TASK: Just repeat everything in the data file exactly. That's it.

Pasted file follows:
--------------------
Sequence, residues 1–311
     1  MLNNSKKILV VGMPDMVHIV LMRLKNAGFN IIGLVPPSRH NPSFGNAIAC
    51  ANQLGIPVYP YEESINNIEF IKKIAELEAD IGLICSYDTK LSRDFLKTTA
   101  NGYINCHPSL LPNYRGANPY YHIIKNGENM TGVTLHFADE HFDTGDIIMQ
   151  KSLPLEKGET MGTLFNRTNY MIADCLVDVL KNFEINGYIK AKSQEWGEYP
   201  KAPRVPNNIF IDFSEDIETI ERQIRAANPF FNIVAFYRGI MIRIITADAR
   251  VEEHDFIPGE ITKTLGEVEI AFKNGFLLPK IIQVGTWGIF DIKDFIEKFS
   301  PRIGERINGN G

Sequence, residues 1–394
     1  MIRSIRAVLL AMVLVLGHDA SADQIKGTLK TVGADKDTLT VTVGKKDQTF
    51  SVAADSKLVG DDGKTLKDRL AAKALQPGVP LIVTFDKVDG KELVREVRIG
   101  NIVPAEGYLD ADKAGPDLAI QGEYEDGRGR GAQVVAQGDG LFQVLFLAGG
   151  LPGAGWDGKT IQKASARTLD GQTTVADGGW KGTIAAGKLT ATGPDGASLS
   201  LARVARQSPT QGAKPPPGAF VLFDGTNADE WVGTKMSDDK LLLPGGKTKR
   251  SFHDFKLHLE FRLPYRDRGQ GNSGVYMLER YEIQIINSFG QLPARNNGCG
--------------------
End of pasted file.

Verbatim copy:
Sequence, residues 1–311
     1  MLNNSKKILV VGMPDMVHIV LMRLKNAGFN IIGLVPPSRH NPSFGNAIAC
    51  ANQLGIPVYP YEESINNIEF IKKIAELEAD IGLICSYDTK LSRDFLKTTA
   101  NGYINCHPSL LPNYRGANPY YHIIKNGENM TGVTLHFADE HFDTGDIIMQ
   151  KSLPLEKGET MGTLFNRTNY MIADCLVDVL KNFEINGYIK AKSQEWGEYP
   201  KAPRVPNNIF IDFSEDIETI ERQIRAANPF FNIVAFYRGI MIRIITADAR
   251  VEEHDFIPGE ITKTLGEVEI AFKNGFLLPK IIQVGTWGIF DIKDFIEKFS
   301  PRIGERINGN G

Sequence, residues 1–394
     1  MIRSIRAVLL AMVLVLGHDA SADQIKGTLK TVGADKDTLT VTVGKKDQTF
    51  SVAADSKLVG DDGKTLKDRL AAKALQPGVP LIVTFDKVDG KELVREVRIG
   101  NIVPAEGYLD ADKAGPDLAI QGEYEDGRGR GAQVVAQGDG LFQVLFLAGG
   151  LPGAGWDGKT IQKASARTLD GQTTVADGGW KGTIAAGKLT ATGPDGASLS
   201  LARVARQSPT QGAKPPPGAF VLFDGTNADE WVGTKMSDDK LLLPGGKTKR
   251  SFHDFKLHLE FRLPYRDRGQ GNSGVYMLER YEIQIINSFG QLPARNNGCG